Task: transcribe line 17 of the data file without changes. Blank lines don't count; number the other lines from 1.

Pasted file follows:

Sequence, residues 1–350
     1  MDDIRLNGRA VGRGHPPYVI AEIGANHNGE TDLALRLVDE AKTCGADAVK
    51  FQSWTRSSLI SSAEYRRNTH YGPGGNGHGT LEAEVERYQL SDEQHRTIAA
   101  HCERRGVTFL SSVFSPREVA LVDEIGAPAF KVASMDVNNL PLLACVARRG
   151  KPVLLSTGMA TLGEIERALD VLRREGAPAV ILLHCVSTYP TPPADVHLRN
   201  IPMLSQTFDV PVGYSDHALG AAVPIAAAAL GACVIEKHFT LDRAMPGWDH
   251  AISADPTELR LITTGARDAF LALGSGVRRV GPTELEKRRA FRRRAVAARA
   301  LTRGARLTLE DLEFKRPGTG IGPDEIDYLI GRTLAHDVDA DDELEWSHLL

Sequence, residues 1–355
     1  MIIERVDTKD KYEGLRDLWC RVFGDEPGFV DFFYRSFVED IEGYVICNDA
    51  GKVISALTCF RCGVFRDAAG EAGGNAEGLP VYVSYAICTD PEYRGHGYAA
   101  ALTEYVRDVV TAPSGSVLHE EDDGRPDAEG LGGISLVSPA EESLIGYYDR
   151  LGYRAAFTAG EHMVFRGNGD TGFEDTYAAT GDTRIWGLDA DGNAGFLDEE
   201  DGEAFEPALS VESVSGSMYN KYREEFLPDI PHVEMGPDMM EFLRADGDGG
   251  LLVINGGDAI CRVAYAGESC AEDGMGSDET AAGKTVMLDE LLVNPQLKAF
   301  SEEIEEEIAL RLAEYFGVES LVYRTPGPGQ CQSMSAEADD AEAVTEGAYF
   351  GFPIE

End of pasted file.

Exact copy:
   351  GFPIE